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Swatch

Nicolas Hayek

Nicolas Hayek© Swatch

"La Tradition Breguet" classic man's luxury watch

"La Tradition Breguet" classic man's luxury watch, was shown at the 2005 Baselworld fair. It pays tribute to one of the major inventions of Abraham-Louis Breguet, the pare-chute (a type of shock absorber), which he perfected in 1790.© Breguet

The Swatch group occupies a very special place in the history of Swiss watchmaking. Not only does it enjoy the largest market share, but also it saved the industry – virtually single-handedly – from collapse in the 1970s.

A near-fatal error of judgement

Its longstanding status as the undisputed world leader had lulled the Swiss watchmaking industry into a full sense of security, with over-confident manufacturers failing not only to foresee the impact of new quartz technology but also to stop cheap, accurate watches from the Far East flooding the market. It did not capitalise on the new technology, leaving it instead to others, in particular Japan and the US, to improve on the discovery. This would prove to be a near-fatal mistake: sales plummeted and many companies found themselves on the verge of bankruptcy. It would take the business consultant, Nicolas Hayek, to breathe new life into the dying industry thanks to his clever marketing of watches as a must-have fashion accessory that are a reflection of the wearer’s personality.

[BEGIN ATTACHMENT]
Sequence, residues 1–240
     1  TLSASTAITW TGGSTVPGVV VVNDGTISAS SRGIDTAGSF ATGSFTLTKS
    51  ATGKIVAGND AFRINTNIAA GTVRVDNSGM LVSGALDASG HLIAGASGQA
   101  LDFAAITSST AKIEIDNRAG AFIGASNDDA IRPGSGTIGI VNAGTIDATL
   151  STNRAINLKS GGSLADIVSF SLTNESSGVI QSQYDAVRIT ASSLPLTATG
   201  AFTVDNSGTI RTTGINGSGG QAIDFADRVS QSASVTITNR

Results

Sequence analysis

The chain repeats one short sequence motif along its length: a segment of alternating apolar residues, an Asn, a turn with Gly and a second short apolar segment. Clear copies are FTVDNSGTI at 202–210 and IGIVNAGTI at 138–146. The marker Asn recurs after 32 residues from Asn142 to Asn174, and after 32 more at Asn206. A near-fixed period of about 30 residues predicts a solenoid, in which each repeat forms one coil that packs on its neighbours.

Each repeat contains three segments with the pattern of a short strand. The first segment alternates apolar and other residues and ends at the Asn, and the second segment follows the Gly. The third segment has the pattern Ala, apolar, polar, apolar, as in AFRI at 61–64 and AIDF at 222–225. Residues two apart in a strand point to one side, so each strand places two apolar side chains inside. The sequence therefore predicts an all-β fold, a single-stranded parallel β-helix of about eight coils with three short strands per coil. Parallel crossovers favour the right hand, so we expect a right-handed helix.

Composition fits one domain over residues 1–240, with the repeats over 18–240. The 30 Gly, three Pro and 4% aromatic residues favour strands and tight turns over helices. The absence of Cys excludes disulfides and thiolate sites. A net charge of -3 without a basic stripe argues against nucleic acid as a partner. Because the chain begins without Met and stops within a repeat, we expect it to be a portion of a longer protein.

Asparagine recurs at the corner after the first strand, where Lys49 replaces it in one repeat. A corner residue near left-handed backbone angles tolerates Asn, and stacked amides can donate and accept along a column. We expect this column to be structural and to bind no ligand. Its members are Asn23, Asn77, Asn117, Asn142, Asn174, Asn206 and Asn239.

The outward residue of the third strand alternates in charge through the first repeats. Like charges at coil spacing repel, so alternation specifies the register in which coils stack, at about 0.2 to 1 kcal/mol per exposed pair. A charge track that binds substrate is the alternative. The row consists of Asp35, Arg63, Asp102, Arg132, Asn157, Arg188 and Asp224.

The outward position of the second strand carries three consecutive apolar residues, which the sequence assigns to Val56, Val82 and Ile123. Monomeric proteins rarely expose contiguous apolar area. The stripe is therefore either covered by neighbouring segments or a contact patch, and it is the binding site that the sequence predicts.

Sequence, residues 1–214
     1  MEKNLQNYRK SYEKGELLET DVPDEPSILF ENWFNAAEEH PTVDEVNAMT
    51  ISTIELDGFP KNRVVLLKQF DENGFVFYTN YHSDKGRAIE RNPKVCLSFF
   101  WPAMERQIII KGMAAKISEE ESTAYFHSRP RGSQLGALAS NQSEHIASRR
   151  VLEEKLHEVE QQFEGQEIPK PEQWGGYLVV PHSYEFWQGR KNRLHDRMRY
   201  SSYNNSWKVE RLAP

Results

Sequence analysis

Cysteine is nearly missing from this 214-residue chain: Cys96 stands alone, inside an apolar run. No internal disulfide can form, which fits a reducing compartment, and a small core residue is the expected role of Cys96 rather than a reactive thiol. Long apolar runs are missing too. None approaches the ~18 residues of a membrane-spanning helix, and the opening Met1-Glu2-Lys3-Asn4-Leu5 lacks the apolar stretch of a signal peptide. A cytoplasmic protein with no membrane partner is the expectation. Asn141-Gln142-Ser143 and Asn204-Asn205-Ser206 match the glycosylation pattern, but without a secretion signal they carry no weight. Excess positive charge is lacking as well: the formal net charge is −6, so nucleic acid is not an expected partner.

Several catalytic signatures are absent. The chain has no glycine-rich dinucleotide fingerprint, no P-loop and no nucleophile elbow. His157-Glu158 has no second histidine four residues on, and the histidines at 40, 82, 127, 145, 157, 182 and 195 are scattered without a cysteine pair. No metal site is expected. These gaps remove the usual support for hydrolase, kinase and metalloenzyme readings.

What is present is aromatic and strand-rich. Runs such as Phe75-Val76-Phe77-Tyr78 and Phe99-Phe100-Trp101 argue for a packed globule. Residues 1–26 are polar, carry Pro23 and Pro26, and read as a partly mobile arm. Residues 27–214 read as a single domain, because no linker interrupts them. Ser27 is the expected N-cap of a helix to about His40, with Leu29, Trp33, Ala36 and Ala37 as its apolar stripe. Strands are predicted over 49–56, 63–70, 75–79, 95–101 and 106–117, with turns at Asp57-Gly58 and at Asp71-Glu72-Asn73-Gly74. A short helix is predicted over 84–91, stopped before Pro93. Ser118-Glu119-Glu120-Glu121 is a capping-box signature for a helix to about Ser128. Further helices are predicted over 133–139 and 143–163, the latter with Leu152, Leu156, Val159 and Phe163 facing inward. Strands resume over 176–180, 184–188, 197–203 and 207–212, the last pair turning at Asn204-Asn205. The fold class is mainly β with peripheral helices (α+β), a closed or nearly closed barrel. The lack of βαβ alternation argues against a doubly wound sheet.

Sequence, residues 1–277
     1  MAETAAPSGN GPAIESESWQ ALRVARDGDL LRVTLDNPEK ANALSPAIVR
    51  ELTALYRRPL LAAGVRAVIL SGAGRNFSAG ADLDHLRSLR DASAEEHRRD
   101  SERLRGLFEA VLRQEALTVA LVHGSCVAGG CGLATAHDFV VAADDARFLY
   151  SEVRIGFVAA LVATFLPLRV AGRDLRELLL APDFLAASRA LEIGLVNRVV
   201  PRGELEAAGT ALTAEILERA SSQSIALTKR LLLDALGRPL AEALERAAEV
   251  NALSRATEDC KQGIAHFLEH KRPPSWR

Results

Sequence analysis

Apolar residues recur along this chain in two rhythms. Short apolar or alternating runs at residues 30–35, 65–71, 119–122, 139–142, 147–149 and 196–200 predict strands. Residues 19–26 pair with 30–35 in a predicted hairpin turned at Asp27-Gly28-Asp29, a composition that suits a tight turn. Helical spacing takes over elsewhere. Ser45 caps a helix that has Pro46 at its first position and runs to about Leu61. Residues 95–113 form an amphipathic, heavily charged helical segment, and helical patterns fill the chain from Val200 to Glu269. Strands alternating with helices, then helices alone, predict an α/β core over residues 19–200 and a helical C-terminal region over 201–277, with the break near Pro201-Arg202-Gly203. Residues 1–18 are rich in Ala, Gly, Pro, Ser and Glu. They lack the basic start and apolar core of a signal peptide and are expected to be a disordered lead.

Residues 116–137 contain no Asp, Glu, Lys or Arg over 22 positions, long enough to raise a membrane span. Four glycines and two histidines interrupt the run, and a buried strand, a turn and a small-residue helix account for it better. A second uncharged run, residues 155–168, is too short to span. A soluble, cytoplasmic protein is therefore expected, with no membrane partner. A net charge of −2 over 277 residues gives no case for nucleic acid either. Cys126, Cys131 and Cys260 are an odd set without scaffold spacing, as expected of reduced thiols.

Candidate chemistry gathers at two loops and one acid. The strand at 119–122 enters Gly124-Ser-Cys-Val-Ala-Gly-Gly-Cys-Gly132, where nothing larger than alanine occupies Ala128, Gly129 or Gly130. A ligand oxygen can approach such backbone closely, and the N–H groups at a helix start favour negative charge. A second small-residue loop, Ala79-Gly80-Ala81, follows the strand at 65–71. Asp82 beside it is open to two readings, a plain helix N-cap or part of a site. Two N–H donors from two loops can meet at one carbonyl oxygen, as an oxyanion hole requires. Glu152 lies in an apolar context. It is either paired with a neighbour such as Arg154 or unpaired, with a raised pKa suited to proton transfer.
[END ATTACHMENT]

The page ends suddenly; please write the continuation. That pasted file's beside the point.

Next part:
Pricing, precision and … marketing

The famous plastic Swatch watch was launched on the Swiss market in 1983, with 12 models priced at between 39 and 50 Swiss francs. It contained 51 components, where traditional watches averaged about 90, and could be welded together by robots on a single assembly line – the first time this had been done in Switzerland.

The Swatch was an instant success, first in Switzerland, then worldwide. It turned the Swiss watchmaking industry around, allowing it once again to become the undisputed world leader.

Diversification

To the general public, the Swatch name is synonymous with fun fashion watches, cheap enough to enable customers to buy a new one according to season or to mood. The Swatch group, whose headquarters is in Biel, in Canton Bern, is responsible for about a quarter of the world's watch sales in terms of value. It makes both finished watches and components which are exported throughout the world: most production is in Switzerland, but it has units in countries ranging from the US to China. But Swatch also owns many of the old Swiss brand names (such as Omega, Blancpain and Tissot, to name but a few), and its products range from simple wristwatches to complex, jewel-encrusted timepieces. The group has even branched into micromechanics, telecommunications and even car production.

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